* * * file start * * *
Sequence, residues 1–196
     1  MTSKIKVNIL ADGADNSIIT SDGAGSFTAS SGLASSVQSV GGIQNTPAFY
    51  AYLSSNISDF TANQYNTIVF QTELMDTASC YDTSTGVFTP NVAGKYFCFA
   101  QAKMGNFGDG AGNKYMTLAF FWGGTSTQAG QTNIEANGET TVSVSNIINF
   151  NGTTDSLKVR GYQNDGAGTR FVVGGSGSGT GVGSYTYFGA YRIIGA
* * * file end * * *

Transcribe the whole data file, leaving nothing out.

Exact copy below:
Sequence, residues 1–196
     1  MTSKIKVNIL ADGADNSIIT SDGAGSFTAS SGLASSVQSV GGIQNTPAFY
    51  AYLSSNISDF TANQYNTIVF QTELMDTASC YDTSTGVFTP NVAGKYFCFA
   101  QAKMGNFGDG AGNKYMTLAF FWGGTSTQAG QTNIEANGET TVSVSNIINF
   151  NGTTDSLKVR GYQNDGAGTR FVVGGSGSGT GVGSYTYFGA YRIIGA